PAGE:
How education funding was withheld for two centuries

Kitale School. It was established by missionaries in 1929.  [File, Standard]

The proposal by the government to reconsider the funding of universities and students has sparked a national discourse that invites a peek into how successive administrations have funded education in Kenya for 177 years.

From the time the first school was set up by the Church Missionaries Society in Rabal to cater to freed slaves, education for the masses has been mainly in the hands of the church and the private sector.

This explains why after the establishment of Isack Nyondo Primary School in Kaloleni in 1846, Ludwig Krapf and John Rebmann taught rudimentary reading, writing, arithmetic, and artisan skills. The aim then was to teach converts to read and write so that they could serve as catechists and construct churches.

When the government ventured into the sector in 1903, it was not to offer education to the Africans but to a select group of settlers' children.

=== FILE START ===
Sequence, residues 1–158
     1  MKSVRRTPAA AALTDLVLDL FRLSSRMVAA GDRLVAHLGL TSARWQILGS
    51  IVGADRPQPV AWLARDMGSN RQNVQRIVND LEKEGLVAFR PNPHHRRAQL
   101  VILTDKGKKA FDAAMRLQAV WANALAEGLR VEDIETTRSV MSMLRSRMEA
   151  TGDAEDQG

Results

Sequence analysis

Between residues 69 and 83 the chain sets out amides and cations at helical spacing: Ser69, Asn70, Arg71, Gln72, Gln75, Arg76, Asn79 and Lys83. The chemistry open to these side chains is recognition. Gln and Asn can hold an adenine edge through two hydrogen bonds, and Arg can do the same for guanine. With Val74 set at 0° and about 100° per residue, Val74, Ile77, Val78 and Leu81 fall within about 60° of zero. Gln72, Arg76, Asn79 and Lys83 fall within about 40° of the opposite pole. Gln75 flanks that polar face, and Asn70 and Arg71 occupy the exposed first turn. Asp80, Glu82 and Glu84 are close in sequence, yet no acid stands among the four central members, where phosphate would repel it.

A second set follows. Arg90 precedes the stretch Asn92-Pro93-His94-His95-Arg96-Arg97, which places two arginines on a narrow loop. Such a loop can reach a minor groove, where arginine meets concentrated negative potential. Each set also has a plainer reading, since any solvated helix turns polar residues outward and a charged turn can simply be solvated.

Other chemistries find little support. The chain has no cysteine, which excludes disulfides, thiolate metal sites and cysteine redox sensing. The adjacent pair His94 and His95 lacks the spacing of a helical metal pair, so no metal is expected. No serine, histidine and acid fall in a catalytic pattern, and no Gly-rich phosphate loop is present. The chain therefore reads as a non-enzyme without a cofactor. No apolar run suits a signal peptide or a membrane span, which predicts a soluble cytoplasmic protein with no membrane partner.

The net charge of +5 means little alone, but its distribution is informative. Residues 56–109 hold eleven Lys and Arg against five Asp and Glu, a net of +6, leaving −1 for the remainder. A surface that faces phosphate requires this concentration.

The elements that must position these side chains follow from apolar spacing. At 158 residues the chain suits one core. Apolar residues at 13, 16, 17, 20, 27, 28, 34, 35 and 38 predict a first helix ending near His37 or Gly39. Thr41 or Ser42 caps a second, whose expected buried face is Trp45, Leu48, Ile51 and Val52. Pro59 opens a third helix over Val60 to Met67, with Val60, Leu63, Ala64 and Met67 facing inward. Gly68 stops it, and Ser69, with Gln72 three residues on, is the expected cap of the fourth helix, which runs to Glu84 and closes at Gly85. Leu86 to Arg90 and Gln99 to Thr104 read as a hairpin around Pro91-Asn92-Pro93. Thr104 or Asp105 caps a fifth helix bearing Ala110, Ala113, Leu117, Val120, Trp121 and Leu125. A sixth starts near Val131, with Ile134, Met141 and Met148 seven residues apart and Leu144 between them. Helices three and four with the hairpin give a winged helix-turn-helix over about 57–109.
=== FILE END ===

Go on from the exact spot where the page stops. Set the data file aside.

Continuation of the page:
A commission formed in 1908 set the pace for the provision of industrial education to Africans which ultimately saw the creation of a department in 1911.

All this time, the government had left the provision of education to Africans in the hands of missionaries and even after another commission to improve the quality was formed in 1919.

The colonial authorities were not keen to expose Africans to academic education fearing this could foment a rebellion against Whites. They instead chose to facilitate technical schools in Thika, Sigalagala, Machakos and Eldoret to teach Africans to be artisans so as to provide labour to settlers.

When pressed to do something for Africans, the government imposed a Sh2 tax in 1924 but the Whites who were exempted from taxation had access to free education. It is against this background that Local Native Councils were established in 1925 to collect this tax. 

Even after Kenya became independent, the new government was not ready to shoulder the burden of funding education.

By 1970, there were 498 secondary schools that were unaided by the government which was at the time only funding 331 schools, the majority of which had been started for white students.

Even though the 1964 constitution stipulated that the government was to take charge of education, hundreds of schools were still being run by churches.

Although the government has failed to set up schools in some areas, leading to the emergence of academies, it now plans to exclude some learners from such institutions in university funding.